Apple believes the future of TV is apps, but it’s increasingly apparent that it will be awhile before a pay TV app from Apple becomes a significant part of that future.
Apple’s plan to create a slimmed-down pay TV package with nation-wide access has been rumored to be delayed time and time again, but a Bloomberg report splashes a new coat of paint on those strained efforts with word that Apple has put the plan on the backburner again because of continued difficulties coming to terms with programmers, which want more than what Apple’s currently willing to pay.
Apple, which is said to want to offer a small package of channels for $30 to $40 per month, “is instead focusing on being a platform for media companies to sell directly to customers through its App Store,” Bloomberg said, citing an unnamed person with knowledge of the situation.
That strategy would seemingly come into play on the heels of the new Apple TV, a streaming device outfitted with a new operating system that will enable the platform to support multitudes of apps, including those from TV programmers and TV distributors. Apple will need to develop this plan amid heated competition from Roku, which has had some success building partnerships with MVPDs, and Amazon, which has begun to bundle subscription video services with Prime, a move that makes the online retailer start to take on MVPD-like attributes.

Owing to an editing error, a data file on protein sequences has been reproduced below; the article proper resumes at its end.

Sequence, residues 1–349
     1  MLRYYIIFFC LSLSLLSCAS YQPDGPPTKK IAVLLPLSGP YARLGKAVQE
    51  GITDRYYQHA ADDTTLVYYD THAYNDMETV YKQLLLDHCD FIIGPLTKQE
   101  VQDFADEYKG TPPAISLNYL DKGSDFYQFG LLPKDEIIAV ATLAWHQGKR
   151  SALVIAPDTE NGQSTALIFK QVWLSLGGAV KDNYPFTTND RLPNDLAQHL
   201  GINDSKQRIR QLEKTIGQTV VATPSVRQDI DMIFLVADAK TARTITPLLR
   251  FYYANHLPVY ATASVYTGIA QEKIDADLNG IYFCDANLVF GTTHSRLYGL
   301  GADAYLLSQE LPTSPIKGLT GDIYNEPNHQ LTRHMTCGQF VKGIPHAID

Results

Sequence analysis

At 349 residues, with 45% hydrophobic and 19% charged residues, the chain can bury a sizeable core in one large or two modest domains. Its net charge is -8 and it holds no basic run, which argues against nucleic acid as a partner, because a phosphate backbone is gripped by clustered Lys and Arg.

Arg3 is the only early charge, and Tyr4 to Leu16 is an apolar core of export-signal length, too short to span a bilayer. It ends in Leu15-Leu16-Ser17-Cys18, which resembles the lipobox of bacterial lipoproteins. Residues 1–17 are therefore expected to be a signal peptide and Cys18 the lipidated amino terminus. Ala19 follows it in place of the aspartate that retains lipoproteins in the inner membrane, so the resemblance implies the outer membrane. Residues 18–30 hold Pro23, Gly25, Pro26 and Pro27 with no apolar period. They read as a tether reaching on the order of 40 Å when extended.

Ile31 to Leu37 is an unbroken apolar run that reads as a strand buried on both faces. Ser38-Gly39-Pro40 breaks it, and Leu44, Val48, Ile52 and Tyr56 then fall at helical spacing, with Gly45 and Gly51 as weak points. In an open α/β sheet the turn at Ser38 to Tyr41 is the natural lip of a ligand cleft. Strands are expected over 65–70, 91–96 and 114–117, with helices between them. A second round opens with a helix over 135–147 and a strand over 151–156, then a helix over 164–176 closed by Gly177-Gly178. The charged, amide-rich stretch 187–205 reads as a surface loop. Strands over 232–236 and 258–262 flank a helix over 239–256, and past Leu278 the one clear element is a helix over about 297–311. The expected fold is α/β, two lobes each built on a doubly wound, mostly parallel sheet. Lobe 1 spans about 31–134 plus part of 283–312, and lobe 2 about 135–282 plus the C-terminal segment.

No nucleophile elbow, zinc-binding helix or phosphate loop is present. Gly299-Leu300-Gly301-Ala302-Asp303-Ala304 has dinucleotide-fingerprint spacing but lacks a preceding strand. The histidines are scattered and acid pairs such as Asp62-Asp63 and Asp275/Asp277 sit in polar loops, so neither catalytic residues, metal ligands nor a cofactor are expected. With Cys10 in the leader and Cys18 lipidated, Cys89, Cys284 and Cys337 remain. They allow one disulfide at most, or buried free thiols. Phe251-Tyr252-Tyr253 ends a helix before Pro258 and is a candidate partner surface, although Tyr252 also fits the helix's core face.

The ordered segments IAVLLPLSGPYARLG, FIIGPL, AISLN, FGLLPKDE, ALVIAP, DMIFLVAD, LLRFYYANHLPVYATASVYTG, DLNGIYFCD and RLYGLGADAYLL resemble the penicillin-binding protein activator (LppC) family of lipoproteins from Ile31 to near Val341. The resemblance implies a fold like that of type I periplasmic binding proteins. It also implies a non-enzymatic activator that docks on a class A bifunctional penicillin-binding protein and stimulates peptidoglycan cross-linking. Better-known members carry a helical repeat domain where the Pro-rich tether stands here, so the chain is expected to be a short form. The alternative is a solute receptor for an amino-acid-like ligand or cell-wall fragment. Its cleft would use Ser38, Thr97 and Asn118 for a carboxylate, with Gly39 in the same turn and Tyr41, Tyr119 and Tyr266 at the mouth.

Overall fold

While Apple’s over-the-top pay TV plan has long been the subject of rumors, CBS CEO Les Moonves added some significant weight to what the CE giant had in mind on Tuesday when he made comments at a Business Insider Ignition conference in New York that the initiative is in a holding pattern.
“They’ve had conversations on it and I think they pressed the hold button,” Moonves said, according to Bloomberg. “They were looking for a service.”
Moonves, though, was upbeat about the prospects of skinny bundles and offered some thoughts on what Apple wants to accomplish. “This will happen,” the CBS exec said. “It has four major networks and 10 cable networks, let’s say, and the price point will be in the $30s, $30 to $35, $40 maybe. People will not be spending money on channels they don’t want to watch."
Bloomberg’s report is just another chapter in Apple’s long-stalled pay TV efforts. Reports surfaced earlier that Apple pushed any launch plans to sometime in 2016 due to ongoing snags in its talks with programmers. Industry sources have confirmed earlier reports that Apple and Comcast had been talking for years about a deal that would enable an Apple-powered device to offer a mix of live TV and other subscription video services in partnership with the MSO over managed IP connections that did not intermingle with capacity set aside for high-speed broadband service. But those talks never got very far, and Comcast has instead pushed forward with its own next-gen platform, X1.